Three weeks. In three weeks, I’m going to be somewhere over the northern Pacific Ocean. I think we’ll have crossed the International Dateline by this point–it’ll be 1:15 PM July 24th, Japan time.

Oh, and hi to any of my (former, as of yesterday) coworkers who stop by. :o) I seem to be in the habit of sending out long, spammy e-mails plugging this journal to everyone lately (though the stupid proxy server blocks this one and I don’t even know why, since I could get to at work)…hopefully this’ll be a lot more interesting in a few weeks. (And you guys especially will be interested (or not) to know that this site was coded almost entirely in standards-compliant CSS. With properly implemented IDs and everything. The only thing that the validator caught was the code setting the opacity of the text areas to 70%, since that’s more of a workaround than anything else…and I designed this site before the last web standards workshop, so there’s no XHTML or anything semantic. Heh, oh well–maybe later.)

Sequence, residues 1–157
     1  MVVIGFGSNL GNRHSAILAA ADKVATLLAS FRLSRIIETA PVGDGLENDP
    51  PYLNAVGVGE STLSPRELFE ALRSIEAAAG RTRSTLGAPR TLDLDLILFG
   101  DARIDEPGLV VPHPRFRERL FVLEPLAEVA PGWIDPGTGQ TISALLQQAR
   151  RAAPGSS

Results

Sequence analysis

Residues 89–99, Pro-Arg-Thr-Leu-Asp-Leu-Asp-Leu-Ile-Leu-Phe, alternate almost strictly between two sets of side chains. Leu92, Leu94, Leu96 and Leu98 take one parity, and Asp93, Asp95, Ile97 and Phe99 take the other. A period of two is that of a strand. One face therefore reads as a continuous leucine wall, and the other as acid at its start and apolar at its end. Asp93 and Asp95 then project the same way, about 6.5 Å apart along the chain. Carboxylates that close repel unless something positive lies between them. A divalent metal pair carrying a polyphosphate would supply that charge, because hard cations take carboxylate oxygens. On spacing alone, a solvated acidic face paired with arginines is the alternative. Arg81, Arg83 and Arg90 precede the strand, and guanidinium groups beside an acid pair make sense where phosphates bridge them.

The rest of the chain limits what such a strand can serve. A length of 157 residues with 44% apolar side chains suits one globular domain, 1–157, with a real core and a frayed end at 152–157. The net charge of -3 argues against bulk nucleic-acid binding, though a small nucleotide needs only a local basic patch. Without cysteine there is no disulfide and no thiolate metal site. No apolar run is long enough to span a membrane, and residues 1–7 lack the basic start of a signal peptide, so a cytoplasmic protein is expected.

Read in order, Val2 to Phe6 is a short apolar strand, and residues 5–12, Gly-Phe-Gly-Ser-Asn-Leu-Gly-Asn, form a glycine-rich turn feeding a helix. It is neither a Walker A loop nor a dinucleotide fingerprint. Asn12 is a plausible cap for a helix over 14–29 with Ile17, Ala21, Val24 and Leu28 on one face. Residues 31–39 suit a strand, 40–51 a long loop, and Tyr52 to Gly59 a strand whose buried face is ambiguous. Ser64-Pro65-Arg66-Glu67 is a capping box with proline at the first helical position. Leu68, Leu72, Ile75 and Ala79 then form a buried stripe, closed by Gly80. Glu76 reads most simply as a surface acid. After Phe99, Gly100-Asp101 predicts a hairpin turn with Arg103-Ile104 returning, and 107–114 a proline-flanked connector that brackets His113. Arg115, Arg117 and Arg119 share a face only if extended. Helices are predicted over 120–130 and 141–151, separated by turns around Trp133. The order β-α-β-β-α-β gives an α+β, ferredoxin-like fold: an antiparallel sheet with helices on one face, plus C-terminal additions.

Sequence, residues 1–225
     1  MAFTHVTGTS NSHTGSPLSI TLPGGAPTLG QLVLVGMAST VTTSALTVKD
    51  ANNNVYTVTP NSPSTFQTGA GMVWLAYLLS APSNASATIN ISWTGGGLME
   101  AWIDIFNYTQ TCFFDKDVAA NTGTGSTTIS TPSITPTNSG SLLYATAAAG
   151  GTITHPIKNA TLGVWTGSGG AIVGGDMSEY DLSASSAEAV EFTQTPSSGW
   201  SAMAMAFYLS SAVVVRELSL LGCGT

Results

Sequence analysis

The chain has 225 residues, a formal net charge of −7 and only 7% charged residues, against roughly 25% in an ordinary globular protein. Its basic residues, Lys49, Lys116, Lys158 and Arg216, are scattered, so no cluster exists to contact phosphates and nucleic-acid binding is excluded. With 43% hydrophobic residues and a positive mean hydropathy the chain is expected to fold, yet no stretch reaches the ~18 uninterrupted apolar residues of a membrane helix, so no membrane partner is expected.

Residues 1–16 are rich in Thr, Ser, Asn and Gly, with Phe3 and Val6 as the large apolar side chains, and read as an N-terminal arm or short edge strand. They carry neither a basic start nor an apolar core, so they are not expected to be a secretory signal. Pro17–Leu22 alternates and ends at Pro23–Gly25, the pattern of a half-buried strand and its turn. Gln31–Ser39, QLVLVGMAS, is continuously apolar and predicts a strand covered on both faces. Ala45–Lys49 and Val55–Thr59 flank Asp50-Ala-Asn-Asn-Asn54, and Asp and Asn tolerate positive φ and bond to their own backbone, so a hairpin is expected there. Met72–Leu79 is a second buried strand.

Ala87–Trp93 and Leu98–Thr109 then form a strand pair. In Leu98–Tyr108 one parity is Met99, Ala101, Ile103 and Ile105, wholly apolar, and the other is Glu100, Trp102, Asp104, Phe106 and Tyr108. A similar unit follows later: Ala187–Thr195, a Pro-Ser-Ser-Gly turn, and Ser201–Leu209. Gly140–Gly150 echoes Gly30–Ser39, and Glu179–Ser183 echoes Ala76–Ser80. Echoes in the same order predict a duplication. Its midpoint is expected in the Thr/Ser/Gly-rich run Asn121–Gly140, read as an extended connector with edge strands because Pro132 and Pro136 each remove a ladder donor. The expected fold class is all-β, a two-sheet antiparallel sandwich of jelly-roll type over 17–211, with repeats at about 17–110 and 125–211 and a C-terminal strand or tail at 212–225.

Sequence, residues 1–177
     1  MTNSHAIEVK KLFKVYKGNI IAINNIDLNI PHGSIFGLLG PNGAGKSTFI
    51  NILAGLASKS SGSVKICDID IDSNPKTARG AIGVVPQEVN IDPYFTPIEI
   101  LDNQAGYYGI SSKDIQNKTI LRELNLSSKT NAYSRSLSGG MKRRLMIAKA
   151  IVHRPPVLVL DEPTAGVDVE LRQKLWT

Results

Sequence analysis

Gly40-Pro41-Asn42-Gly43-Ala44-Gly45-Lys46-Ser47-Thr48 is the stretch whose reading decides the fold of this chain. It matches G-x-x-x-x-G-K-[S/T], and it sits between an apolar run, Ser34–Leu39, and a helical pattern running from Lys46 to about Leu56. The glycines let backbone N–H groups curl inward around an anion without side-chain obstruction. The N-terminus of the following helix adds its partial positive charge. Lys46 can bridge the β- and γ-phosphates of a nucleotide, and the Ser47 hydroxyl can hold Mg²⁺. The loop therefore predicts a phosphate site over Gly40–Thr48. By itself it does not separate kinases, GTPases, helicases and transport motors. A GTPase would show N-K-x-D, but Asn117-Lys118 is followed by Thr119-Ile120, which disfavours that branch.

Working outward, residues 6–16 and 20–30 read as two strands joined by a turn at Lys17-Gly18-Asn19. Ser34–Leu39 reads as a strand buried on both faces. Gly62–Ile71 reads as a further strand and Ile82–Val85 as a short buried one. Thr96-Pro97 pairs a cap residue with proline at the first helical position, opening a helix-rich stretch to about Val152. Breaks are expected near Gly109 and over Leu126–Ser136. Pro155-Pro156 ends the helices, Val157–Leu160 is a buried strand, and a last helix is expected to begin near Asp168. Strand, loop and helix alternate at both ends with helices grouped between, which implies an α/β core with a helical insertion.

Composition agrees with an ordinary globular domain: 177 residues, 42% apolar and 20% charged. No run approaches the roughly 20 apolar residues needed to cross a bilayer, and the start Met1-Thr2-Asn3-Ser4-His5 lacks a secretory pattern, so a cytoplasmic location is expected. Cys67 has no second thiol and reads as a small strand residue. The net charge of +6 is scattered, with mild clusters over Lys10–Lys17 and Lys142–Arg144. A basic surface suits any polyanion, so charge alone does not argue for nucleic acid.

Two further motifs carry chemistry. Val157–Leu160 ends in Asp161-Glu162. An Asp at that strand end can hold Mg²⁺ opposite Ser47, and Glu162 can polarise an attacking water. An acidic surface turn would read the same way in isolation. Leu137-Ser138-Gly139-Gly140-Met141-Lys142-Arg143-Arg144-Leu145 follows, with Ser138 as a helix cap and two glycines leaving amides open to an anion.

I got a big piece of really relieving news just a couple of days ago from Lindsay–well, two fold. Firstly (well, sucky for her), the Peace Corps isn’t placing her in the program she’d applied for (edit–they didn’t reject her; sorry, Lindsay!), so she’s staying in Ikeda, where she already has a job for the foreseeable future, so she’ll be around to help and to hang out with. Secondly, there’s going to be a 3rd ALT in Ikeda. Her name’s Hannah, she’s 21 and from the Pacific Northwest, and she’s even living in the same building as we are. She’d registered at Sudachi, so I sent her a private message and we’re now e-mailing back and forth. She’s just as relieved as I am that there’s another new person, and within such a close proximity. It’ll be great to have someone–or another person, rather–to make a fool out of myself with!

But as a result of Lindsay sticking around, it turns out she’s no longer my (or anyone’s) predecessor, and I’m not going to be at Ikeda Chuugakkou anymore–instead, I’m succeeding someone else, a guy named Dave who Lindsay’s mentioned a few times. He and his wife are moving to another area, or something like that, so I’ll be taking over his ALT position at Ikeda Daiichi Chuugakkou (Ikeda’s #1 Middle School–“daiichi” meaning “greatest,” or literally “big one,” and “chuugakkou” meaning “junior high school”–“chuu” is middle and “gakkou” is school). According to the maps Lindsay sent me, that one’s probably not within walking distance, so I may have to take the bus there daily. I was looking forward to being able to walk a lot…maybe I still can, if I give myself lots of time to get there. We’ll see.